This article appears as part of the Unspun: Scottish Politics newsletter.

Having failed to marshal its troops with a plan to bring back national service, the Conservative Party retreated to the tried and trusted battlegrounds of the culture wars as it seeks to win over voters.

As the other parties set out to campaign on Monday on bread-and-butter issues such as jobs, the economy, defence and so on, Tory party HQ launched a salvo with a plan to amend the Equality Act to make clear sex means “biological sex” rather than gender. 

In a party press release late on Sunday night, Rishi Sunak said the Equality Act 2010 has “not kept pace with evolving interpretations and is not sufficiently clear on when it means sex and when it means gender”. 

The party said it will change the Act to make clear that the protected characteristic of sex is “biological sex”, rather than gender. 

Prime Minister Rishi Sunak, quoted in the release, said “making this change in law” would enhance protections and address “current confusion around definitions of sex and gender”. 

This caught the other parties on the hop somewhat and had them scrambling to say what they wouldn’t do.

The Labour Party said amending the Equality Act is unnecessary and branded the Conservative announcement “a distraction from the election campaign” (which was presumably the point) – arguing that the issue of cost-of-living pressures is more pressing.

Read more:

Tories plan to amend Equality Act to make ‘biological sex’ protected characteristic

Shadow defence secretary John Healey told Times Radio: “We will not want to amend the Act, it’s not needed. The Act, incidentally, was a Labour Act in 2010, that was opposed by the Tories, but it already provides protections for single-sex spaces for biological women.” 

Liberal Democrat deputy leader Daisy Cooper described the announcement as “a cynical distraction” from Tory “failings” (again, the point), adding “time and again we have seen how it (the Government) tries to wage these phony culture wars”.

But Ms Cooper did admit that there “could be better guidance” for service providers experiencing confusion on the issue, there was no need to “unpick the Equality Act itself”. 

Which played into the Tories’ hands, as on Monday’s morning media round Women and Equalities Minister Kemi Badenoch said the party was seeking to do just that, and clarify the Act rather than change the law. 

Speaking to Sky News, she said: “This is a clarification in the law, it is not as many people assume, a change. It is re-emphasising what should be the status quo.”

The other parties should not have been surprised by this policy, as it’s been on the Conservative to-do list for quite a while.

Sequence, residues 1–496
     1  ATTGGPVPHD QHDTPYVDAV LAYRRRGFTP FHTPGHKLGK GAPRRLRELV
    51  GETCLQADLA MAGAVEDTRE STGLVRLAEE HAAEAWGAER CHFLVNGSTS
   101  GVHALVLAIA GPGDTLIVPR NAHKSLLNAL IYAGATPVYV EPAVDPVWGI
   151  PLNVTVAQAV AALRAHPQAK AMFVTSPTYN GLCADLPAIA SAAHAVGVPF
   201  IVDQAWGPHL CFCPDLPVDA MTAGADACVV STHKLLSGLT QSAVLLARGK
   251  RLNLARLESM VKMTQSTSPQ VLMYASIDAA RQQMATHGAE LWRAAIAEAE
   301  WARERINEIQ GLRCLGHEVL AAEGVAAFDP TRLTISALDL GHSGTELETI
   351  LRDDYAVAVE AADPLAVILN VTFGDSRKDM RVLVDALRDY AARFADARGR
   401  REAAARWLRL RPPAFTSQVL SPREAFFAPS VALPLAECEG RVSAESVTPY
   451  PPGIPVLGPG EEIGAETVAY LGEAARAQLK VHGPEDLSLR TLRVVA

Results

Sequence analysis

The Herald: 'This is a clarification in the law, it is not as many people assume, a change', Women and Equalities Minister Kemi Badenoch told Sky News'This is a clarification in the law, it is not as many people assume, a change', Women and Equalities Minister Kemi Badenoch told Sky News (Image: Sky News)
Last April the Equality and Human Rights Commission (EHRC) said amending the definition of sex under the Equality Act could result in “greater legal clarity” around women-only spaces and access to sport, having been asked by Ms Badenoch to consider the benefits or drawbacks of defining sex as “biological sex”.

The EHRC said while it found “no straightforward balance” it had concluded that this definition could bring greater legal clarity in eight areas, including in hospital wards, and therefore that a re-definition would merit further consideration. 

EHRC chairwoman Baroness Kishwer Falkner at the time warned there should be “due regard to any possible disadvantages for trans men and trans women”. 

Rishi Sunak himself pledged to ensure biological sex was written into the Act during his Tory leadership campaign in 2022. 

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Ms Badenoch said there are “a lot of problems right now”, especially around prisons – an issue Scottish readers may recognise.  

On the clarity an amendment would bring, she told the BBC Radio Four Today programme: “With public authorities, with prisons, if you are a man, you’re going to a man’s prison. If you’re a woman, you go to a women’s prison.” 

Asked about what would happen if someone born male had undergone gender reassignment surgery, Ms Badenoch indicated they would still go to a men’s prison but there could be “special circumstances” created for them such as more privacy and separate areas. 

She added: “What we find is that we don’t have actually trans men in men’s prison, and the reason why is because people understand that biology does matter”.

Giving an example of somewhere that is not publicly run, such as a rape crisis centre, she said a clarification in the law would mean the centre could decide what to do. 

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She told Today: “We are creating the space for people to choose what it is they want to do. If a rape crisis centre decides that it wants to allow a trans woman with a gender recognition certificate, they will be able to do so. If they choose not to, then they can’t be sued for that. That is what we’re doing.

“We’re not – and it is very important – we are not trying to stop trans people from being able to live their lives as they wish. What we are trying to stop is people exploiting the law.” 

Whether this will all be forgotten by Wednesday, when the next round of campaign pledges and counter-offers is made remains to be seen.  

But it might be that the Conservatives have found something which puts the other parties on the back foot, temporarily at least.